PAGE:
Dealing with a bipolar crisis

' I see you falling' by Sarah K Reece

Bipolar crises include times when the person becomes severely depressed or manic, unable to function or to look after themselves or others, or at high risk of suicide or other negative consequences. Helpful ways to deal with a crisis include to:

Get help!

Who to call

If you think that things may be reaching a crisis point, call the person’s clinician or mental health team and express your concerns (if the person does not call them). Do not hesitate to call the mental health crisis team, clinician or an ambulance if a crisis occurs. If the person urgently needs to be restrained to stop them from harming themselves or others, you might need to call the police.

Put safety first

If you are in danger, consider your own safety first and then get medical help for the person (see dealing with physical aggression).

If you don’t get the help you expect

If you do not get the help you expect from these emergency services, be persistent and contact another clinician (e.g. the GP), or take the person to a hospital emergency department. Sometimes caregivers find that emergency health services are not able to assist them in a crisis, and they need to care for the severely ill person at home. If you care for a seriously ill person at home, make sure you have the necessary support (e.g. from health professionals, appropriate family and friends and, if necessary, sources of financial or legal aid).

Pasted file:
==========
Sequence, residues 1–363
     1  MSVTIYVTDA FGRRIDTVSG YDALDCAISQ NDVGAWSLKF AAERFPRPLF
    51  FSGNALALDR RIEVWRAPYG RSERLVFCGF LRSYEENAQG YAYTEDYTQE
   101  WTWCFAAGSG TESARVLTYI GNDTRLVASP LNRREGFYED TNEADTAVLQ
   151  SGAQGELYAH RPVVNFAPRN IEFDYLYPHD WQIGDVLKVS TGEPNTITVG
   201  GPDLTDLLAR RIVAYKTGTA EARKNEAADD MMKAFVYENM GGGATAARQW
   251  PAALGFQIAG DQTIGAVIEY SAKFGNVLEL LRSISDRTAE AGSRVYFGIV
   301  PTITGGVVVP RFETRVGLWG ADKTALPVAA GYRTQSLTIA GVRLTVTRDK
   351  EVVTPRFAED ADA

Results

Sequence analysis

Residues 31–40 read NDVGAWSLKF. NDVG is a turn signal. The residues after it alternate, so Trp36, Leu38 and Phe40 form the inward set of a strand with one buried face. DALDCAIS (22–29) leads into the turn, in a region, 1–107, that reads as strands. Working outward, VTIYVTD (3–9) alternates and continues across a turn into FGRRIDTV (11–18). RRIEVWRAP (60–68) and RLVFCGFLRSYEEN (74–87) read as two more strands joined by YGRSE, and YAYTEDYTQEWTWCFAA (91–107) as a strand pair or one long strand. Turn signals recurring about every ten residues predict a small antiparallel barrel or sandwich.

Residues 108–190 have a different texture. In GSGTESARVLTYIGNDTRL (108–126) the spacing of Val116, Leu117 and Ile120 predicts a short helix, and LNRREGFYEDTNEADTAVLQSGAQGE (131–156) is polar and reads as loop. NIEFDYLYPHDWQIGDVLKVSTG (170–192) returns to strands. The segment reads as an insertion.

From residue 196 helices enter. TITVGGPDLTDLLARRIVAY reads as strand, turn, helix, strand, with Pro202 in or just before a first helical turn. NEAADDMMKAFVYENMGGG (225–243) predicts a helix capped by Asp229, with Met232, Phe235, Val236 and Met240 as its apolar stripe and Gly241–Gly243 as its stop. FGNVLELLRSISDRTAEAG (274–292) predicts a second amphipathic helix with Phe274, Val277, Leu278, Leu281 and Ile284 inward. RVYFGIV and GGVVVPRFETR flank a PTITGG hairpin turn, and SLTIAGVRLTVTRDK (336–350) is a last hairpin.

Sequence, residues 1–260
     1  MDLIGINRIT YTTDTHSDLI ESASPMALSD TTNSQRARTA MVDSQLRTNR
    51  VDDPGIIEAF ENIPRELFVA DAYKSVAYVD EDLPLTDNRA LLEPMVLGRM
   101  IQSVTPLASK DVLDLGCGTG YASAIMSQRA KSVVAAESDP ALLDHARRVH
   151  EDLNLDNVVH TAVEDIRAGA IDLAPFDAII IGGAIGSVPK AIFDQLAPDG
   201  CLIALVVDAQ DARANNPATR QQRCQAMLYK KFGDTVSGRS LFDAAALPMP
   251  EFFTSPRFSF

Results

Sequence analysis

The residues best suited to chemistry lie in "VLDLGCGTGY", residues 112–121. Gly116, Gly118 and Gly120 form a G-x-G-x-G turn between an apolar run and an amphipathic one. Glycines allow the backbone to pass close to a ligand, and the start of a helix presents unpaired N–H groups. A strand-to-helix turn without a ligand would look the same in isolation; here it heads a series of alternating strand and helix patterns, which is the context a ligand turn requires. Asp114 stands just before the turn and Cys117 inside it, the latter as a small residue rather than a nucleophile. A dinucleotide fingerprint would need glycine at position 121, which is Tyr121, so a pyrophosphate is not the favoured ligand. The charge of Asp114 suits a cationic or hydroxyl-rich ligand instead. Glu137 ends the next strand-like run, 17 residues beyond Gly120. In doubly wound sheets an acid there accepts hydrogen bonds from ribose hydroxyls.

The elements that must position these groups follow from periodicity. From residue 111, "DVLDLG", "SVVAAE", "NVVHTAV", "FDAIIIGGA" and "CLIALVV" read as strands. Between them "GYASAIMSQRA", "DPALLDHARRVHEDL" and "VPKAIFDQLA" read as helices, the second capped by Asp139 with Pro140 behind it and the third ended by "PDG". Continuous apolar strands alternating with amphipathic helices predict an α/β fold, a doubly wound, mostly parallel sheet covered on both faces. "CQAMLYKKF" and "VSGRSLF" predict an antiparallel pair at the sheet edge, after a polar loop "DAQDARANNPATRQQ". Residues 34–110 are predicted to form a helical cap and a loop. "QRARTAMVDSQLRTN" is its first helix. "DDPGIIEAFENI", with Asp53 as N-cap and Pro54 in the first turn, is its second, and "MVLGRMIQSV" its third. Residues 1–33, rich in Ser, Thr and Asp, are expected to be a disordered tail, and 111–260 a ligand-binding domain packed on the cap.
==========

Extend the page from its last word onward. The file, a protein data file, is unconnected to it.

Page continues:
Helplines and counseling

It might be worth finding out about helplines in your area that assist people or their family or friends in a crisis (see your local phone directory and the resources section). Counselors are usually trained to listen and assist people to deal with crises and they may offer referral to appropriate services.

Communicate clearly and calmly

Try to remain calm when communicating with someone in a bipolar crisis. Don’t give them lots of instructions. Don’t argue, criticize or behave in a threatening way towards them. If appropriate, give the person choices to reassure them that they have some control over the situation (e.g. If you are trying to distract them from risky behavior, you could ask “Should we go for a walk or would you prefer to watch a movie?”).

Reduce stress

These times can be challenging for caregivers too. For ways to reduce stress see reducing stress in a bipolar crisis.

“In a bipolar crisis don’t be afraid to ask for assistance to prevent negative consequences.”

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